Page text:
same number of components. If subtraction is desired, use
addition (’+’) with a scaling parameter of -1
for the second matrix (the *-s* option). For
element-wise multiplication and division, the second matrix
is permitted to have a single component per element, which
will be applied equally to all components of the first
matrix. If element-wise division is specified, any zero
elements in the second matrix will result in a warning and
the corresponding component(s) in the first matrix will be
set to zero.

Evaluation
proceeds from left to right, and all operations have the
same precedence. If a different evaluation order is desired,
pipe the result of one *rmtxop* command into another,
as shown in one of the examples below.

The number of
components in the next matrix after applying any *-c*
transform must agree with the prior result. For
concatenation (matrix multiplication), the number of columns
in the prior result must equal the number of rows in the
next matrix, and the result will have the number of rows of
the previous and the number of columns of the next matrix.
In the case of addition, multiplication, and division, the
number of rows and columns of the prior result and the next
matrix must match, and will not be changed by the
operation.

A final
transpose or scaling/transform operation may be applied to
the results by appending the *-t* and
*-s* or *-c* options after the last
matrix on the command line.

Results are
sent to the standard output. By default, the values will be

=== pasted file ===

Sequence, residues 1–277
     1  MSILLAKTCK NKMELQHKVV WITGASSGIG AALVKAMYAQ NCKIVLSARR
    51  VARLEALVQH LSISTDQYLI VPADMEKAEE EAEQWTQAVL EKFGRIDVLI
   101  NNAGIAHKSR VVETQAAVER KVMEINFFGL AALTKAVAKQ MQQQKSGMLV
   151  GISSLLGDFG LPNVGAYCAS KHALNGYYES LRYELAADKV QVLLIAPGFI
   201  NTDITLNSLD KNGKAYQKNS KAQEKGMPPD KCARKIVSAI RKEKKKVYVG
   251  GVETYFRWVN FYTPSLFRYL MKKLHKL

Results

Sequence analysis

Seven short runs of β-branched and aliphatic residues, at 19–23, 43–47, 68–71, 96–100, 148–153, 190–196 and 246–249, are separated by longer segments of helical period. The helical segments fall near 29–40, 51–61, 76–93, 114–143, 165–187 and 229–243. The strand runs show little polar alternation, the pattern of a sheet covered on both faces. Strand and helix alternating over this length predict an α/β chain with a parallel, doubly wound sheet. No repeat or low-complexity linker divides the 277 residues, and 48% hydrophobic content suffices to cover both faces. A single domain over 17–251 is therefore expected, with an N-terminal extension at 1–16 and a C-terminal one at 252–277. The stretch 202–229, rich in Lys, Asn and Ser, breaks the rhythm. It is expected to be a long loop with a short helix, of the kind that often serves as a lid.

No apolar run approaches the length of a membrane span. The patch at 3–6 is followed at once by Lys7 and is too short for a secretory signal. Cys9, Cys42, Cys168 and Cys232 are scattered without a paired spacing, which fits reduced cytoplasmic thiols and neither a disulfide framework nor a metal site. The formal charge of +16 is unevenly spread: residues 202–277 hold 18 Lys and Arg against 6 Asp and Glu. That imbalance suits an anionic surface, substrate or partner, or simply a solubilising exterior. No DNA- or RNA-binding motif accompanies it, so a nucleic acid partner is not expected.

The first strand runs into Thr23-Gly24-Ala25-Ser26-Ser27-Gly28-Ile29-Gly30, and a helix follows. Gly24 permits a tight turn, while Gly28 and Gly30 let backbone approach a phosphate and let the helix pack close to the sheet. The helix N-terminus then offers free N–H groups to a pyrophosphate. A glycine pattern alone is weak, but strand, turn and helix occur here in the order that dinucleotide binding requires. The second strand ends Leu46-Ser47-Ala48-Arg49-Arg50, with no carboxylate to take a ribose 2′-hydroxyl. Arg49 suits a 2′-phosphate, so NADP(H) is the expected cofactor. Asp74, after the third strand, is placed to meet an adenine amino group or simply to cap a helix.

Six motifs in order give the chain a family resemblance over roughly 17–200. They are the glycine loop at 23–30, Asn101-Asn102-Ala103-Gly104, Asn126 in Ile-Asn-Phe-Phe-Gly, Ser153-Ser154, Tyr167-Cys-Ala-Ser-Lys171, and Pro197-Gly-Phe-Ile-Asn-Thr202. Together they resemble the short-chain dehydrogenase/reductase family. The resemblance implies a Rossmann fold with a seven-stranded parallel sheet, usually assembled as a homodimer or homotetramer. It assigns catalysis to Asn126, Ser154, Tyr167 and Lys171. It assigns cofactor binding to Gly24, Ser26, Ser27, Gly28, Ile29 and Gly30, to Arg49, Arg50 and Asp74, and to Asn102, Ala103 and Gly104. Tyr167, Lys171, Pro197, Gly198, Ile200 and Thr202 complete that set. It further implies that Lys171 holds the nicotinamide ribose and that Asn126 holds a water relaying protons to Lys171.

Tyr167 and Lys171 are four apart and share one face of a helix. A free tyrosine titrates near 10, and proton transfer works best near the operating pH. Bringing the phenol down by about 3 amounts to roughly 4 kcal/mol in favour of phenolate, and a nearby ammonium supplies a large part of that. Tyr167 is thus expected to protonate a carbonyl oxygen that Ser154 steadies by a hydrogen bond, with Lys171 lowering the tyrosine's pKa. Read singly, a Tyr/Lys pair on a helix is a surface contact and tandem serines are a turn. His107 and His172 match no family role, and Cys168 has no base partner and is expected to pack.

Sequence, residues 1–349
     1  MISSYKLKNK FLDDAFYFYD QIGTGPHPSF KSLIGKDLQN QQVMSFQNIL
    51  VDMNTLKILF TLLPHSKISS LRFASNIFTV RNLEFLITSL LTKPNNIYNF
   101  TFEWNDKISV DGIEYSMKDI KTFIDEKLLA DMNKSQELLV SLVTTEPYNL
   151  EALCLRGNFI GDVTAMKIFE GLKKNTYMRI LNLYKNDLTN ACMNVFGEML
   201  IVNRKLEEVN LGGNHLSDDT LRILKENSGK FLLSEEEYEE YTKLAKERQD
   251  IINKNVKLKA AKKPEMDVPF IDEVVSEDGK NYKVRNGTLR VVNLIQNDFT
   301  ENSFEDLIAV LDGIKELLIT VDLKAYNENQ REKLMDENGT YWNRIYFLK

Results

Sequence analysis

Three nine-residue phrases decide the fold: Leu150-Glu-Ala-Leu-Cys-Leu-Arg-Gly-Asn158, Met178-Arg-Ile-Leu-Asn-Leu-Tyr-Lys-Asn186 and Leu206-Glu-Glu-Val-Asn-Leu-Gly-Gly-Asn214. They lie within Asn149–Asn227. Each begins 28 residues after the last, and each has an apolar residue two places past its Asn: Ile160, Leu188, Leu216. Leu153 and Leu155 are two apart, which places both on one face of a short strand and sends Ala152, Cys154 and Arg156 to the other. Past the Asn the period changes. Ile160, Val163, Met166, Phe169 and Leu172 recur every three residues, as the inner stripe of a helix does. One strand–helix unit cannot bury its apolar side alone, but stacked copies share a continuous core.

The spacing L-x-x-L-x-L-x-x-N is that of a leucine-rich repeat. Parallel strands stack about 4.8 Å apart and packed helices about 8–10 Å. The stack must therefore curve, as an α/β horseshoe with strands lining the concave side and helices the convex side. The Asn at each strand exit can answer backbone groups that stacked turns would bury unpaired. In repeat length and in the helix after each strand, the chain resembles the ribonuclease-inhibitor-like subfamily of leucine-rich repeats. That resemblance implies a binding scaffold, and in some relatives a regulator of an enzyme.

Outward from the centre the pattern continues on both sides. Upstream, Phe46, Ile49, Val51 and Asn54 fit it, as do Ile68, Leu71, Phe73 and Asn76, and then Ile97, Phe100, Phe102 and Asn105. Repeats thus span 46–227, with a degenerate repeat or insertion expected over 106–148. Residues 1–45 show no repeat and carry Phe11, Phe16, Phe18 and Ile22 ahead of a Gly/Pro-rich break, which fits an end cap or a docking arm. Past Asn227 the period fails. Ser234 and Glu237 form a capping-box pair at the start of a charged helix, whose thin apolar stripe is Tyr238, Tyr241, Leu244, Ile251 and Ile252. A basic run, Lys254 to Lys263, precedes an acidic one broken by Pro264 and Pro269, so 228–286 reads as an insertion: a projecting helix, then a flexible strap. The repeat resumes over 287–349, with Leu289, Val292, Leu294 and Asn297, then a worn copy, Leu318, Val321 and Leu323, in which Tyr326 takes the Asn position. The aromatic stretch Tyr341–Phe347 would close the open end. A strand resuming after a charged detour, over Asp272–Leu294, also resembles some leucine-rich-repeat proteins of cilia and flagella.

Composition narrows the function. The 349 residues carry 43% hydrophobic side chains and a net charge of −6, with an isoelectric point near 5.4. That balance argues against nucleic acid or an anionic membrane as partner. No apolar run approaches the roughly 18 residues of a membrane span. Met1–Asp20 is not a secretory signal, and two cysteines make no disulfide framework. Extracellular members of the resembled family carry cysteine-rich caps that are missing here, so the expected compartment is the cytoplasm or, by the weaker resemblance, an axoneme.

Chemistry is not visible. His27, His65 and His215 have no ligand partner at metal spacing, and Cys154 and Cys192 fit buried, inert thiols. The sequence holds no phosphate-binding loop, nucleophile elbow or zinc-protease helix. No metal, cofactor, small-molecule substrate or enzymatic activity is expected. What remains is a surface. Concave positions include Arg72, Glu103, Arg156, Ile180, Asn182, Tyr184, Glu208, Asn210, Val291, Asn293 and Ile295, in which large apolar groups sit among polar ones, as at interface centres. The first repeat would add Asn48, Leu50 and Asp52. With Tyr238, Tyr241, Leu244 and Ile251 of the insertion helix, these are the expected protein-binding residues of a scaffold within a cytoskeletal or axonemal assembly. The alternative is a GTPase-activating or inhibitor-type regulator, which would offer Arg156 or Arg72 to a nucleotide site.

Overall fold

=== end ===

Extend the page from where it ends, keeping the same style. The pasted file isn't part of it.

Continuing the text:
written in the lowest resolution format among the inputs,
but the *-f* option may be used to explicitly
output components as ASCII (-fa), binary doubles (-fd),
floats (-ff), or RGBE colors (-fc). In the latter case, the
actual matrix dimensions are written in the resolution
string rather than the header. Also, matrix results written
as Radiance pictures must have either one or three
components. In the one-component case, the output is written
as grayscale.

The
*-v* option turns on verbose reporting, which
announces each operation.

To concatenate two matrix files with a BTDF between them and write the result as binary double:

rmtxop -fd view.vmx blinds.xml exterior.dmx > dcoef.dmx |

To convert a BTDF matrix into a Radiance picture:

rmtxop -fc blinds.xml > blinds.hdr |

To extract the luminance values from a picture as an ASCII matrix:

rmtxop -fa -c .265 .670 .065 image.hdr > image_lum.mtx |

To scale a matrix by 4 and add it to the transpose of another matrix:

rmtxop -s 4 first.mtx + -t second.mtx > result.mtx |

To multiply elements of two matrices, then concatenate with a third, applying a final transpose to the result:

rmtxop first.mtx \* second.mtx . third.mtx -t > result.mtx |

To left-multiply the element-wise division of two matrices:

rmtxop -fd numerator.mtx / denominator.mtx | rmtxop left.mtx - > result.mtx |

To send the
elements of a binary matrix to *rcalc(1)* for further
processing:

rmtxop -fa orig.mtx | rcollate -ho -oc 1 | rcalc [operations] |

Matrix
concatenation is associative but not commutative, so order
matters to the result. *Rmtxop* takes advantage of this
associative property to concatenate from right to left when
it reduces the number of basic operations. If the rightmost
matrix is a column vector for example, it is much faster to
concatenate from the right, and the result will be the same.
Note that this only applies to concatenation; element-wise
addition, multiplication, and division are always evaluated
from left to right.

Greg Ward

cnt(1), getinfo(1), histo(1), neaten(1), pcomb(1), rcalc(1), rcollate(1), rcontrib(1), rcrop(1), rfluxmtx(1), rlam(1), rsplit(1), tabfunc(1), total(1), wrapBSDF(1)